Mudcat Café message #2206781 The Mudcat Café TM
Thread #106522   Message #2206781
Posted By: Richard Bridge
02-Dec-07 - 10:04 AM
Thread Name: Topic Records Folk Songs Of Britain
Subject: RE: Topic Records Folk Songs Of Britain
The most important copyright issues surround the original sound recordings. These will have been governed by the Copyright Act 1956, which applied at the time (if I am right that the recordings were made after late 1956).    Does anyone know with accuracy when the recordings were made?

Clearly Kennedy was the "maker" (see S. 12(4)). It seems likely that he was commissioned by the BBC to make those recordings so the BBC will have been the first owner of the copyright in those recordings (see the proviso to S 12 (4)).

Any assignment or licence of that copyright must therefore have flowed from the BBC.   If that was an assigment to a person later entering bankruptcy there may be interesting copyright consequences - but not (despite lobbying from some laywers) if it was an assignment to a company thereafter being liquidated, when the liquidator will have been able to sell the copyrights free of any royalty obligaiton to the BBC - but if it was a licence cessation of payment (if due) to the BBC is likely to have caused it to revert.

There may be issues about compilation copyrights arising from the selection and collocation of material from the Kennedy field recordings. I will ignore them.

There are provisions in the current Copyright Designs and Patents Act 1988 (as amended) (see S 36) permitting the making of recordings of performances of folk songs (but, for some reason I do not know the reason for, although I have told what was the DTI of the defect, not words without the tunes of their songs, and not tunes that were never songs) and certain uses of those songs. It applies to recordings made for the archives of designated bodies. I think the EFDSS is such a body. But the recordings wre made for the BBC and not for the EFDSS archive (unless anyone knows different - if there was an agreement between the BBC and the EFDSS and it required deposits with the EFDSS it might be different) so that is out of the window.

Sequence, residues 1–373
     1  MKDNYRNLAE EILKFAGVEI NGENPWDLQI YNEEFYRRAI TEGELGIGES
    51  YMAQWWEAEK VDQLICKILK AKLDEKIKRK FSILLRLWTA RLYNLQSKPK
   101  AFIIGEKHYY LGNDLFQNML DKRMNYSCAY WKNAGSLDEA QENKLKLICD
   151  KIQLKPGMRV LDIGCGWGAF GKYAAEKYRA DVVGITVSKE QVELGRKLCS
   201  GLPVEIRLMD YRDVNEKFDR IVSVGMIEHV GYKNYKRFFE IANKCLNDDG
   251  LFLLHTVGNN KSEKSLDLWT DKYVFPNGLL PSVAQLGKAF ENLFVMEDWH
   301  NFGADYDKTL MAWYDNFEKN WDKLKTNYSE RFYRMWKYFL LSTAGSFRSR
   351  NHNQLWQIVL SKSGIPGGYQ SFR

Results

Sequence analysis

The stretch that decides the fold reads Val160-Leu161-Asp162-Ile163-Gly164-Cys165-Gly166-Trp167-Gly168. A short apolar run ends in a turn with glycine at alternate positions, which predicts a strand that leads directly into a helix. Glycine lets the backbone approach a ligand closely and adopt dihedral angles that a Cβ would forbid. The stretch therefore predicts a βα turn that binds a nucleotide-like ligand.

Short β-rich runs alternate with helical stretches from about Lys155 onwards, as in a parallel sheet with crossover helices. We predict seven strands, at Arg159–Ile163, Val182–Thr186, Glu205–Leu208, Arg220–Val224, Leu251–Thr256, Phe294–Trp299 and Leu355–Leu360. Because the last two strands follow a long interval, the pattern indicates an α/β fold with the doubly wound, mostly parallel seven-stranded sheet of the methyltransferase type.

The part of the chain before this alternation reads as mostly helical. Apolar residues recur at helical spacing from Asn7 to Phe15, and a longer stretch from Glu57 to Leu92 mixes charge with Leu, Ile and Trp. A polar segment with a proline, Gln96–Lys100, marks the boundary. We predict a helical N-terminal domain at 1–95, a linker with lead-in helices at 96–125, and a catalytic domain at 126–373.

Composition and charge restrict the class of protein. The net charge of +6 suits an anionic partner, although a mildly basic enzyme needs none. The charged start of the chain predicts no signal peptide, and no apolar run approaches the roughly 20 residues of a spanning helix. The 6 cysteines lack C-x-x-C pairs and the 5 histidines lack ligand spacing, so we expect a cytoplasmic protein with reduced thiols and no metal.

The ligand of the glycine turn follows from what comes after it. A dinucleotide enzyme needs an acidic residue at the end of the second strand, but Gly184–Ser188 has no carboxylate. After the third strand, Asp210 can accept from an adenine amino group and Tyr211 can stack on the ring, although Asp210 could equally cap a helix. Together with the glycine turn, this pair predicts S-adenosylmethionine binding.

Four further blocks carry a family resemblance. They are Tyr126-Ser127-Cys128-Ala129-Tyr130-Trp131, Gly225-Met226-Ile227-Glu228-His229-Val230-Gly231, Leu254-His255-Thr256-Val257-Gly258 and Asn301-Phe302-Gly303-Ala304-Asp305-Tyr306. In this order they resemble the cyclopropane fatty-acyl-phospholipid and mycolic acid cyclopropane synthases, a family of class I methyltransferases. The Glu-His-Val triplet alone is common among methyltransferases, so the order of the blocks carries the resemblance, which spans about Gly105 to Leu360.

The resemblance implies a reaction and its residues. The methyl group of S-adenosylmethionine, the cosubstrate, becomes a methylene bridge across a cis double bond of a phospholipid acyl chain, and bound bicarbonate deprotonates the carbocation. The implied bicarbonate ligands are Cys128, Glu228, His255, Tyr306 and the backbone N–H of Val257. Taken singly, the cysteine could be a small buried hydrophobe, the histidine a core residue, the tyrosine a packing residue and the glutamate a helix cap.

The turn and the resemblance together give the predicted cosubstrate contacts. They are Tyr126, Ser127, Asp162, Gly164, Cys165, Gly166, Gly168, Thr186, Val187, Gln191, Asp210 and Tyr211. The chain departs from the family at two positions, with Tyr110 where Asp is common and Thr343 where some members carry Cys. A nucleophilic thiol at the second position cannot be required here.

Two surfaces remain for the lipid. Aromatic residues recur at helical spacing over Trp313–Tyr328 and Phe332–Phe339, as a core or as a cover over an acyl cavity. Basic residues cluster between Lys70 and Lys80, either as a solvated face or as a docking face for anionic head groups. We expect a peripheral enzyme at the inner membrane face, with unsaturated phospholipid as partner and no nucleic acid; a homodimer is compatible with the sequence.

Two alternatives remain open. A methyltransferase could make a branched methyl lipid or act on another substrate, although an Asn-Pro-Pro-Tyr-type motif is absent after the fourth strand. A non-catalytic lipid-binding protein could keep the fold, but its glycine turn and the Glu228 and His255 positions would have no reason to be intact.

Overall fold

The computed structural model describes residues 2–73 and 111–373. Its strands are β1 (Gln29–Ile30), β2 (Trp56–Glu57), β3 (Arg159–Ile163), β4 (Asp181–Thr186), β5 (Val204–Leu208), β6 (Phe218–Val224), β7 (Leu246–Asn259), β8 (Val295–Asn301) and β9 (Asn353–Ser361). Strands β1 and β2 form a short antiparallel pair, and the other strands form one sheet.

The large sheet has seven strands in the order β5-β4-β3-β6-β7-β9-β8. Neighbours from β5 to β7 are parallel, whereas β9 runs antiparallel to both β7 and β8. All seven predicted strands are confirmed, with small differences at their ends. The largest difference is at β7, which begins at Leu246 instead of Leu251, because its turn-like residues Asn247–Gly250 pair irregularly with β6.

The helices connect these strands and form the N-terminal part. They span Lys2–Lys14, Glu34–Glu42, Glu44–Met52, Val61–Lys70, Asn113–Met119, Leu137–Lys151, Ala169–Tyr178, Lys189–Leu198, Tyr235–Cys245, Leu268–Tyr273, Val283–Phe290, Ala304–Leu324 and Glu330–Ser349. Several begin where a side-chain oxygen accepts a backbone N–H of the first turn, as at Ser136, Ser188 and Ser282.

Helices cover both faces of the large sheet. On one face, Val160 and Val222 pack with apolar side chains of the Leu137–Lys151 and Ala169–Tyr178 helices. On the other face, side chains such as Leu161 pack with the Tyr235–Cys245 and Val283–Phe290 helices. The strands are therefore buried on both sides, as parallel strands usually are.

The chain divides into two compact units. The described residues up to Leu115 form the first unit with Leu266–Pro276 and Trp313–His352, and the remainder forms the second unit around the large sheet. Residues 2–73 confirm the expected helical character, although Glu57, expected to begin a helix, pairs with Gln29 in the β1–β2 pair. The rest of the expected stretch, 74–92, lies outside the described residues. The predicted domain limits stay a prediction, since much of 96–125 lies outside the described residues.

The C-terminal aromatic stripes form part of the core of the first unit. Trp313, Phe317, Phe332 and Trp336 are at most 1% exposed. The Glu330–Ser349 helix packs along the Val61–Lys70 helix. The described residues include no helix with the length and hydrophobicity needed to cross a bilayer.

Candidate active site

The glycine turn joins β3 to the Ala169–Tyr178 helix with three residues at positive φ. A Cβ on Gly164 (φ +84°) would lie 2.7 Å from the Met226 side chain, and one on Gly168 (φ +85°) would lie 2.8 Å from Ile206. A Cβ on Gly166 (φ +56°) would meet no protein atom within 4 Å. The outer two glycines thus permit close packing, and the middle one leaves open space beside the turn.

Despite the best efforts of Cliff Richard, copyright in sound recordings in the UK is still 50 years from making, so if, say, the Kennedy recordings were made in 1960, then the EFDSS will be able to make and sell copies of the acetates they have after 31st December 2010.

IThere could also be issues about the performers' rights of the source singers. I would also need to do a bit more digging if we thought the overdubbed playing and singing was done by people who died less than 50 years ago. I am not sure, from memory, of the duration of pre-1988 performers rights after the passage of the 1988 Act, and I do know that our masters in Brussells have been screwing things up with directives....

The notes will be literary works, protected until 70 years after the death of the author.

Really must do some work now!